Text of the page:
Transgender Troops Allowed to Serve

Citizens fight for transgender people’s rights to serve in the military during a protest in Washington D.C.. Protests broke out nationwide in response to President Donald Trump’s transgender military ban last July.

Many residents of the U.S. look forward to serving their country. It is their chance to give back to the country that gave them freedom and opportunity. However, this hasn’t always been a reality for transgender individuals.

President Donald Trump announced through a series of tweets last July that transgender troops could not serve in the U.S. military because of the “tremendous medical costs and disruption that transgender [people] in the military would entail.”

President Trump went on to tweet, “The United States government will not accept or allow transgender individuals to serve in the military in any capacity. Our military must be focused on decisive and overwhelming victory and cannot be burdened.”

Many Americans were outraged by President Trump’s tweets.

“For the President to deny an able-bodied, fully qualified person the inherent right to serve their country, potentially giving their own life for our freedoms, is doing this country an injustice,” transgender Air Force staff sergeant Logan Ireland told People Magazine.

Despite the controversy, the Pentagon is now allowing transgender people to enlist in the military. The policy was reversed on Jan. 1, 2018, because of the difficulty of enforcing the ban.

U.S. District Judge Colleen Kollar-Kotelly blocked the Trump administration on Oct. 30, 2017, from enforcing its ban on transgender troops in the Doe v. Trump case. The case was brought forward by the National Center for Lesbian Rights and GLBTQ Advocates and Defenders who challenged President Trump’s directive.

Kollar-Kotelly ruled that the plaintiffs’ claims were “highly suggestive of a constitutional violation,” as the president’s directive “punish[es] individuals for failing to adhere to gender stereotypes.”

Transgender individuals across the country celebrated this ruling as a victory.

“I absolutely know this is a step in the right direction for the transgender community and for our military,” Ireland said. “We are an all-volunteer military and we need to welcome every able bodied, qualified person who wants to serve.”

Starting January 2018, transgender troops are allowed to go by their preferred gender identity as long as they have documentation such as an updated passport or birth certificate.

Troops “will be addressed by their preferred gender name and pronoun,” according to a memo released by the Pentagon.

A transgender soldier’s room assignment, physical requirements, and medical testing will be based on their preferred gender identity. One’s physical transition status will not be a deciding factor.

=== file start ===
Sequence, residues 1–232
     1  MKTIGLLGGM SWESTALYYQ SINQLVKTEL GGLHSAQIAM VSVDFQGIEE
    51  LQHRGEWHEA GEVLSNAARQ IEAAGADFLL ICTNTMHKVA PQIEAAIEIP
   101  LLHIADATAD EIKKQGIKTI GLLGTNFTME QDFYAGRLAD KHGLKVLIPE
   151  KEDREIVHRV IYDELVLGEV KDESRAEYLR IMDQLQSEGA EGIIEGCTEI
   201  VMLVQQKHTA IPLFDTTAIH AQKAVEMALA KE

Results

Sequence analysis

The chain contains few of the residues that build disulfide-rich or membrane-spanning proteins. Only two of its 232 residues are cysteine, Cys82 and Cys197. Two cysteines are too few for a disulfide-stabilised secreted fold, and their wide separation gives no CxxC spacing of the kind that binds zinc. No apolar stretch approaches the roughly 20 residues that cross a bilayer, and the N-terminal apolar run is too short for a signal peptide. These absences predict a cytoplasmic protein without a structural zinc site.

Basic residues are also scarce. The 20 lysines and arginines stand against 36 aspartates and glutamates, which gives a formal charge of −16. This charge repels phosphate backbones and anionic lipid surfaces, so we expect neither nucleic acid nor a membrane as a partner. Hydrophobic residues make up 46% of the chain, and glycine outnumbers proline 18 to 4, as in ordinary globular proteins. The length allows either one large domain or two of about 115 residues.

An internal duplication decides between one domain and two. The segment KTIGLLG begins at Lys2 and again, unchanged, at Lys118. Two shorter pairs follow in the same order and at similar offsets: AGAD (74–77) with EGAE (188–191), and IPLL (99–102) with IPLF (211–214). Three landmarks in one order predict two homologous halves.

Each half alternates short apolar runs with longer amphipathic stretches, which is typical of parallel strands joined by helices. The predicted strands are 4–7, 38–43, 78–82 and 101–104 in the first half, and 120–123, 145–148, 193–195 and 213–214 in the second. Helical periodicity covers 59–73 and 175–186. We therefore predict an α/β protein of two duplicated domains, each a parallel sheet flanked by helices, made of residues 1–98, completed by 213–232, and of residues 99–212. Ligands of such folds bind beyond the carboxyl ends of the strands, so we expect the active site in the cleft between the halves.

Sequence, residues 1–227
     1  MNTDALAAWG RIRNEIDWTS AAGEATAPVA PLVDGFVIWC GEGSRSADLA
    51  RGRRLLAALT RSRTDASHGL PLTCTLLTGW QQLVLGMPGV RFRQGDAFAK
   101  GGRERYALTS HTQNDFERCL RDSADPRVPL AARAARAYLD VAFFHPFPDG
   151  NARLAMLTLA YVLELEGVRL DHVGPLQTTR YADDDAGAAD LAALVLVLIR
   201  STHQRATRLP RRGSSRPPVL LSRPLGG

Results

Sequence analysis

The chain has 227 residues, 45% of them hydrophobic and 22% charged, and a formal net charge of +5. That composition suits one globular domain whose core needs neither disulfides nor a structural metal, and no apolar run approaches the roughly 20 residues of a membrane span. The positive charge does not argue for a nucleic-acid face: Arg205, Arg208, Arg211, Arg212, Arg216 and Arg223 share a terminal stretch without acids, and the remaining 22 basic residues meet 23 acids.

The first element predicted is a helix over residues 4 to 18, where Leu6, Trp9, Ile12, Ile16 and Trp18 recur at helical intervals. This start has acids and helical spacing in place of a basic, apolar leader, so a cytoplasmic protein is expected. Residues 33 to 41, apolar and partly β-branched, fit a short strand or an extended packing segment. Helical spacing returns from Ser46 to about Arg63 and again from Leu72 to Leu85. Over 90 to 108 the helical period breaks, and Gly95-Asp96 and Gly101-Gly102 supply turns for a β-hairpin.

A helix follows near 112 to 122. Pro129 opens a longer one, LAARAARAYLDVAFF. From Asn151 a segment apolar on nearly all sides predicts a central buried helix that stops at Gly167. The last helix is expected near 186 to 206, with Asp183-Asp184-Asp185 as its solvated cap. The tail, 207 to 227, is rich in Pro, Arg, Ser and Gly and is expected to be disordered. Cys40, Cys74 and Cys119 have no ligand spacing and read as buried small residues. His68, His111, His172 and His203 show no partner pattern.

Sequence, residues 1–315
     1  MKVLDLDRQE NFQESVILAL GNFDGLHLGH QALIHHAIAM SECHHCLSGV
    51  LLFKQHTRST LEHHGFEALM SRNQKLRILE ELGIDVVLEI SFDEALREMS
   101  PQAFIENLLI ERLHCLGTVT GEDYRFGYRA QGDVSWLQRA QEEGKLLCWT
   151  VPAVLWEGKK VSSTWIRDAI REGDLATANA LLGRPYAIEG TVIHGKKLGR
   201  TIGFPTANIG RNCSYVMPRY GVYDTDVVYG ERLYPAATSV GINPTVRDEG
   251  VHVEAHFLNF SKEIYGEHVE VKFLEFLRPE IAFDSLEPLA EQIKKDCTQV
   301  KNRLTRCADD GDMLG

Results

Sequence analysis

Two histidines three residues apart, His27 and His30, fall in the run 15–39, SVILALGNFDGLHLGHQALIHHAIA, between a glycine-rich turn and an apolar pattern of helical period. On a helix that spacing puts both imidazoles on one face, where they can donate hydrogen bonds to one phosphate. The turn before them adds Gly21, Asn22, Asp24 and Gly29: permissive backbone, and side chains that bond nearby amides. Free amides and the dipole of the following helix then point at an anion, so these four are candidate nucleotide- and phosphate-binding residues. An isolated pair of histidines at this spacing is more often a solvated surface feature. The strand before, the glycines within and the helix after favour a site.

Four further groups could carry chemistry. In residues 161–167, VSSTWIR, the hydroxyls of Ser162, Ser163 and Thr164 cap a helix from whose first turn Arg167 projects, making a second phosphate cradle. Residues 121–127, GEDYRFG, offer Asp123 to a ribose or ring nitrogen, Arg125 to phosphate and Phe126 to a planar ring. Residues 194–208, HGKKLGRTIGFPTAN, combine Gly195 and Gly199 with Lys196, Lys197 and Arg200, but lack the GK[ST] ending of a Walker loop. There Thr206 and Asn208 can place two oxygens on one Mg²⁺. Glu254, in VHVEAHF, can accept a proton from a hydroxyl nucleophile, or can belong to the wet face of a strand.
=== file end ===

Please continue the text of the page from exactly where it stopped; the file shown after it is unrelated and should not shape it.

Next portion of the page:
“As always every applicant will be treated with dignity and respect,” Captain David Kemp, head of U.S. Military Entrance Processing Command, wrote in the memo.

However, transgender soldiers who have not undergone physical changes will still be required to wear the opposite gender undergarments and have the medical exam specific to their biological sex. Transgender men who are in the process of transitioning will also be required to take a pregnancy test to ensure they are not pregnant while serving.

Additionally, any soldier who has undergone sexual reassignment surgery or begun their physical transition will need to provide certification from a medical examiner showing they have been physically and mentally stable for the last 18 months.

Applicants who do not identify within the gender binary will be designated by their biological sex.

While many binary transgender people are now being accepted by the military, non-binary people are still disregarded.

“Ignoring [non-binary people] is a blow to the trans community,” junior and Pride Club leader Noah Rice said. “[At least] it shows that they are progressing with the trans binary so eventually we can work towards [non-binary acceptance.] It’s just unfortunate that it couldn’t happen today.”

Since the ban has been lifted, transgender individuals who have been unable to apply can now do so.

“All I’m waiting for now is a phone call back from my recruiter,” Nicolas Talbott, a transgender recruit who has been waiting to join the Air Force for almost two years, said.

While Rice acknowledges the military’s progress on LGBT issues, they also know that there is more work to be done.

“The LGBT community is certainly a fierce force that likes to be outspoken and they will be happy about these [changes],” Rice said. “While people might be celebrating, I don’t think it’s a time to rest, it’s more of a time to be looking for what is next.”


Photo By: Ted Eytan

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